Method for Reinforcement, Quench Protection, and Stabilization of Large All-Metal Superconducting Magnets [PPPL No. M-1054]

Web Published:

Non-Confidential Brief

Method for Reinforcement, Quench Protection, and Stabilization of Large All-Metal Superconducting Magnets

Princeton Docket # 24-4066-1


Inventors at the Princeton Plasma Physics Laboratory (PPPL) have developed a novel technology with significant advantages in the design and protection of high temperature superconducting (HTS) coils.

The primary existing method of quench detection of HTS coils uses fiber optics. Due to the extremely slow normal zone propagation speed in yttrium barium copper oxide (YBCO) tape and other high temperature superconductors, the fiber optic sensor must be built into the coil winding pack. This significantly compromises the coil winding pack mechanical and structural integrity. Additionally, traditional methods of stabilizing superconducting coils involve the use of insulators such as glass tape and epoxy. This approach of insulating and fabricating coils is error-prone and challenging for large high magnetic field coils, especially those with complex geometry, and can limit their radiation tolerance in next-step fusion systems.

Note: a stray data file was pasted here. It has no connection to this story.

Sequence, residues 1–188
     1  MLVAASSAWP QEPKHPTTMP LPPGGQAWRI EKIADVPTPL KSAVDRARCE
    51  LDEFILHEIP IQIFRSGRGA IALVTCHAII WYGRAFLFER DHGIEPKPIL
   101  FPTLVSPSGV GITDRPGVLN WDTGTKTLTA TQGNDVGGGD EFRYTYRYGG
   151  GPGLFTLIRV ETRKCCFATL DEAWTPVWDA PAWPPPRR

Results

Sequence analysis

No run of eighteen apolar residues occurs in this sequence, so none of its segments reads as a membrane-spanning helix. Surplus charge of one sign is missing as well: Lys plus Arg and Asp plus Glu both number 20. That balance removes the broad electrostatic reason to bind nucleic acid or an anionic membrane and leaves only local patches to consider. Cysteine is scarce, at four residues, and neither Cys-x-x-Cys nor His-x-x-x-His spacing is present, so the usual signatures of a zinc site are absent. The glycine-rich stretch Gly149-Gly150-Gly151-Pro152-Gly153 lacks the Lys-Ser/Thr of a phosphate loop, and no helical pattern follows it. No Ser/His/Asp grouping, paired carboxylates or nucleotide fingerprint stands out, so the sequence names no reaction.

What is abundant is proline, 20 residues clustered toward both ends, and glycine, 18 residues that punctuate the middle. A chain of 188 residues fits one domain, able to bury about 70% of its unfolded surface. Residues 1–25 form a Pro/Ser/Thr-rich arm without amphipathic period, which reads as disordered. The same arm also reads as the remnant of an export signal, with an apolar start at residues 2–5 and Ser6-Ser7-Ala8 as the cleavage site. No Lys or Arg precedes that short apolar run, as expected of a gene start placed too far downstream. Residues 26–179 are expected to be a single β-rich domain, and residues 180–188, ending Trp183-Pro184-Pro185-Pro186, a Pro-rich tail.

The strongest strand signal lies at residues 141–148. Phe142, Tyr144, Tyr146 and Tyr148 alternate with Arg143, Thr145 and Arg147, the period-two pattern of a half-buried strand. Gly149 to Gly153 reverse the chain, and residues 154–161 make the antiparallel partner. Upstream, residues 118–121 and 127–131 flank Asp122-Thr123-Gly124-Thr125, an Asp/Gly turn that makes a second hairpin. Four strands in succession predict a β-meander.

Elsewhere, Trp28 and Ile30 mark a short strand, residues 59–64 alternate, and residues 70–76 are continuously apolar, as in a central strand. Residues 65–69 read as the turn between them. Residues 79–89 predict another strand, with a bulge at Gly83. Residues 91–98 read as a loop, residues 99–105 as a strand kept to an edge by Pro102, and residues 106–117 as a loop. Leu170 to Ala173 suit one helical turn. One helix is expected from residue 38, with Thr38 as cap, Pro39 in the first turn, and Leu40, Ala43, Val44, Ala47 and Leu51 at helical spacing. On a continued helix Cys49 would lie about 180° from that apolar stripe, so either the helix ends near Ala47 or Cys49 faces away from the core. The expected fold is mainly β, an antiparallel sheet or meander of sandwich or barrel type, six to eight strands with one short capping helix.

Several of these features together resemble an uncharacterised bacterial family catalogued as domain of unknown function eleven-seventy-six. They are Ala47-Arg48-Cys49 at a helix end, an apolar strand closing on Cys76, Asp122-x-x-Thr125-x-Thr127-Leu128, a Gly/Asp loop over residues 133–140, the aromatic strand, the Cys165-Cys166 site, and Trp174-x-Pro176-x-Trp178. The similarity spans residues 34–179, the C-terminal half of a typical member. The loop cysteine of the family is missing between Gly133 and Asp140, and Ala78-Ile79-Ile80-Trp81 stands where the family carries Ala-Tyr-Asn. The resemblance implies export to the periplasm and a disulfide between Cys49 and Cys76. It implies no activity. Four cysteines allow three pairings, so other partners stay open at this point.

Compared to these traditional designs, the configuration of the design of this invention offers significant advantages in the protection and design of high temperature superconducting magnets. Its unique design ensures quick and uniform energy extraction during a quench event as well as increased radiation tolerance, current density, and structural integrity of the coil winding pack.


  • Fusion energy research and development
  • NMR & MRI conduction cooled HTS magnets
  • Large scale magnetic shields


  • Protection of HTS coils from quench damage
  • Increased radiation tolerance
  • Error-free fabrication with reduced cost
  • Higher winding pack and current density



Michael Zarnstorff is Chief Scientist at PPPL, where he oversees research that ranges from testing ideas for harnessing fusion to developing rockets for space flight. His job encompasses keeping projects aligned with DOE goals and envisioning new research opportunities for PPPL. An award-winning physicist and a co-discoverer of the bootstrap current in magnetically confined fusion plasmas, he joined PPPL in 1984 and was Deputy Director for Research from 2009 to 2019. 

Yuhu Zhai is the head of the PPPL superconducting magnet program and lead engineer for the NSTX-U recovery project.


Intellectual Property Status

Princeton is currently seeking commercial partners for the further development and commercialization of this opportunity.



Tony Williams

Princeton University Office of Technology Licensing • (609) 258-3769 •

Laurie Bagley

Princeton Plasma Physics Laboratory • (609) 243-2425 •


Patent Information:
For Information, Contact:
Tony Williams
Associate Director
Princeton University
Michael Zarnstorff
Yuhu Zhai